As my customer texted me: “Elizabeth [Rivera] sent me a text that day around noon (August 16th) the judge gave Joseph [Soto, the mortgage lender] until September 27th to finalize the transaction and rescheduled the trial for that same date.” Mmmm. What changed?

The bordering-on-judicial-misconduct part is what Ms. Rodriguez was told by Soto – “I’ll just call Jesse and he will give us all the time we need.” That sounded strange – like some cabal or side hustle. Why would there be such ex-parte communication about a matter that was ordered with thunder from the bench? But obviously, something like that happened. Nevarez was hell-bent on having the house sold on August 16 if the loan had not closed.

Toward the end of the hearing on August 3, I heard some indications that – just maybe – between the lawyers, the judge, the realtor/receiver and the mortgage loan officer – everyone else was beginning to understand what I had been trying to tell them for weeks. Namely, that the transaction was a refinance, not a purchase; that it would include an Owelty of Partition; and, that the divorce had to final in order for an Owelty to exist.

I mean, it was almost comical. But the end of the hearing, they were using words like “refinance” instead of “purchase.” Ahh, they were learning from me though they would die before admitting it. At least they were beginning to understand, I naively thought. I even think I heard them use the word “Owelty” for the first time.

Rivera even asked me in her usual haughty tone, “you DO understand what we are trying to do, here don’t you?” Because of my oath and the incomprehensibility of their actions I could not say that I understood at all what they were trying to do. In retrospect, I see that I should have said “Yes, I think I do – you are trying to rip your client off and enrich yourselves and I suspect that what you’re doing is criminal.”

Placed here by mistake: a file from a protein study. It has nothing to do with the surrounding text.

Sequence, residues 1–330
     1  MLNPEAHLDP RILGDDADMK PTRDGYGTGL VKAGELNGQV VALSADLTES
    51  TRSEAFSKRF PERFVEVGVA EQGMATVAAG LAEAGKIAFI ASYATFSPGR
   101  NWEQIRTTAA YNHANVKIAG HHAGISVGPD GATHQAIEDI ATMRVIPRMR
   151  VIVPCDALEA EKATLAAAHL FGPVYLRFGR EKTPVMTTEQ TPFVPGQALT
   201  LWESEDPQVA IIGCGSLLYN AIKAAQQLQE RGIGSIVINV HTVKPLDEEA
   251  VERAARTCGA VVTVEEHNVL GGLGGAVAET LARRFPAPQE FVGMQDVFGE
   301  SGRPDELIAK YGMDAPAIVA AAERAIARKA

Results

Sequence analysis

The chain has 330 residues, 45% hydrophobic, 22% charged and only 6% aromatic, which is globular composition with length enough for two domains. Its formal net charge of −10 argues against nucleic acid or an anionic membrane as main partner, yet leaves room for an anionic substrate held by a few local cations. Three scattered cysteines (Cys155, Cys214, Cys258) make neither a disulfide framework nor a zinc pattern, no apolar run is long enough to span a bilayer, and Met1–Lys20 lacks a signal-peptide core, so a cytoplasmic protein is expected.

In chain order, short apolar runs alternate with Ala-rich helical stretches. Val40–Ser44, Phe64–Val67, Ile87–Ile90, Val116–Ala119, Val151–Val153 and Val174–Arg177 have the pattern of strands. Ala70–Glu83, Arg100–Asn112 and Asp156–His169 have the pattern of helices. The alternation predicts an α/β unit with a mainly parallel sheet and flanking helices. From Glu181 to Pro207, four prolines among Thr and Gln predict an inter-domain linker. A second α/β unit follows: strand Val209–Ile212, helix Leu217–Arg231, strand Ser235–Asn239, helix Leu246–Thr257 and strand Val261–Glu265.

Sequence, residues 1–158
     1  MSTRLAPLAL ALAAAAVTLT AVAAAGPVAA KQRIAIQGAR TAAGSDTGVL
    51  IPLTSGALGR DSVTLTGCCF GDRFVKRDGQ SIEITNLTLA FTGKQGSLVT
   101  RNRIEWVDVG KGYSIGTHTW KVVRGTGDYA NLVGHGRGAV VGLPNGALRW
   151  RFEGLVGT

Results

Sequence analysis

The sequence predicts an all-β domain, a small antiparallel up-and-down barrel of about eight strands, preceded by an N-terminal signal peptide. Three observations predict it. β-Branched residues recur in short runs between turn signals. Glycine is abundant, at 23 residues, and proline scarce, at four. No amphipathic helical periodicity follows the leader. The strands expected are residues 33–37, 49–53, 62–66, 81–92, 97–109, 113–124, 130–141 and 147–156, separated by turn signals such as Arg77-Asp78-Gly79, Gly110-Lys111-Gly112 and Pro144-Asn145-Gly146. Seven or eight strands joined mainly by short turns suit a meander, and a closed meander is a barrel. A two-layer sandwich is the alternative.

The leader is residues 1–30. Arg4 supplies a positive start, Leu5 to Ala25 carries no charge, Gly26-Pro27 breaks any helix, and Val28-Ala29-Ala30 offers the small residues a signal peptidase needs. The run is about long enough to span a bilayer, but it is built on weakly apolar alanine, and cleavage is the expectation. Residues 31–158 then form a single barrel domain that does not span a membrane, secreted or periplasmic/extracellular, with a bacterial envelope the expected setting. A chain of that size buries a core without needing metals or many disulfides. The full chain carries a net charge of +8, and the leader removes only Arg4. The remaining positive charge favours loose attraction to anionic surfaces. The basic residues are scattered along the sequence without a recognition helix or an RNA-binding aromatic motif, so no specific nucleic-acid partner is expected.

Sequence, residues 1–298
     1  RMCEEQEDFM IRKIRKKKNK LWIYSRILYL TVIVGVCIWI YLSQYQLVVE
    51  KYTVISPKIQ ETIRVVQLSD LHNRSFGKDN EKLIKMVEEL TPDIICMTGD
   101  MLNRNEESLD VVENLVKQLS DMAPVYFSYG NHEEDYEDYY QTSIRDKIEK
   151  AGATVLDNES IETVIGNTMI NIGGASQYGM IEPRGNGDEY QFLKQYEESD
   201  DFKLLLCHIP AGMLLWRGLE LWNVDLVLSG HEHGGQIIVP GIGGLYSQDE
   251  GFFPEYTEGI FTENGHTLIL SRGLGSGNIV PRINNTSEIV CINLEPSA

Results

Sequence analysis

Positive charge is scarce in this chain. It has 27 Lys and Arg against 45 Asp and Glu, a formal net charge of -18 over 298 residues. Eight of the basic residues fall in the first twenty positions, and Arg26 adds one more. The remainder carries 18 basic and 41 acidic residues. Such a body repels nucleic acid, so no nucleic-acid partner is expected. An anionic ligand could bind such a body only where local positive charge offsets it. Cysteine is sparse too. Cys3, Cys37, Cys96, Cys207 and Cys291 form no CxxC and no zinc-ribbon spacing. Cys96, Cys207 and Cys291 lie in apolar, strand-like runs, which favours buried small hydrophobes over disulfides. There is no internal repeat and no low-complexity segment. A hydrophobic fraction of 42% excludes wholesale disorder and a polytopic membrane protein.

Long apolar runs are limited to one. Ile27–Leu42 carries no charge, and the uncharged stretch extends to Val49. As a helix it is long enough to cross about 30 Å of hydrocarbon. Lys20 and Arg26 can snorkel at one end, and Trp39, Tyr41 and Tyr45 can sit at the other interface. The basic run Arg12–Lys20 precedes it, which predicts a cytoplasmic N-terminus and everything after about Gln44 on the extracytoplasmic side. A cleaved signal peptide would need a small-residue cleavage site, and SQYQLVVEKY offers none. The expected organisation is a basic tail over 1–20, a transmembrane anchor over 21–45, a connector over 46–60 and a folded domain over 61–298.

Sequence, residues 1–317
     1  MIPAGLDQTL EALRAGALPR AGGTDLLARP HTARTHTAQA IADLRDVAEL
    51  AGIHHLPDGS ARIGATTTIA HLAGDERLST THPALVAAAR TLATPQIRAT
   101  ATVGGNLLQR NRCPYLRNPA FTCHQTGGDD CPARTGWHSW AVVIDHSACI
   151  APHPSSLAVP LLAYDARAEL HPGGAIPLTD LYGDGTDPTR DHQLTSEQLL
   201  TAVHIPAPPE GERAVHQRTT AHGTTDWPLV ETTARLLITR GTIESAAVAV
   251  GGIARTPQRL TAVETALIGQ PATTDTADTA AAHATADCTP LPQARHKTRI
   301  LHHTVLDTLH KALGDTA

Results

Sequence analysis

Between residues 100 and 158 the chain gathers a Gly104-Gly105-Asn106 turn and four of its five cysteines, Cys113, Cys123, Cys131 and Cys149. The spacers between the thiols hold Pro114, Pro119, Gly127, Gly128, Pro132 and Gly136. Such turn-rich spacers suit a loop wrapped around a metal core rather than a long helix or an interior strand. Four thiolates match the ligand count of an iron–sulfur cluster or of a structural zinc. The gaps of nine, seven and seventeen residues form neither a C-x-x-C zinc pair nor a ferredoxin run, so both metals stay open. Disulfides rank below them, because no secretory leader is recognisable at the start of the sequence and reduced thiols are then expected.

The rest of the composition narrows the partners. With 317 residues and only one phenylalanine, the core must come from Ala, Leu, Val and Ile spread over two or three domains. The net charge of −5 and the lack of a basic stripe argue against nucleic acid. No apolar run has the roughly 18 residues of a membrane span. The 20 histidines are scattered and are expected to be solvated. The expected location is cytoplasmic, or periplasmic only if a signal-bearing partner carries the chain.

But, no. Their convoluted misunderstandings of the mortgage world had so twisted the contemplated transaction, no rational person could explain what they were “trying to do here.”

Then, just as I thought Jesus Nevarez understood some basic things, here comes this new order – you have until September 27 when we will have the trial for final divorce. That’s important. The date of final divorce and the date by which the refinance loan had to close.

So why can a refinance loan NOT close before final divorce and pay an Owelty [Buy-Out] to a spouse?

Here’s the presumptive idiocy again:

#3 – That a refinance loan can close before final divorce and pay an Owelty [Buy-Out] to a spouse

And, by the way this is why I am presenting Understanding Mortgage Rules for Family Trial Lawyers: How to Ask Smart Mortgage Questions in Court – a CLE accredited course to educate lawyers on the basic rules of mortgage lending. This will help you sift through erroneous presumptions, misunderstandings and outright falsehoods about mortgage loans. Wednesday, October 25, 2023; 12 Noon Central.

Now, if you don’t live and breathe mortgage rules and regulations, you might not see the problem here!

I’ll give you a hint:

“…until September 27th to finalize the transaction and rescheduled the trial [for final divorce] for that same date.”

The problem and the chain of logic:

  • A loan that finances a divorce buy-out (Owelty lien) must have an actual buy-out that has been created. Yes, it’s as simple as it appears. An Owelty is generally considered to be created by court order; although, it can be created by the two (or more) parties by agreement.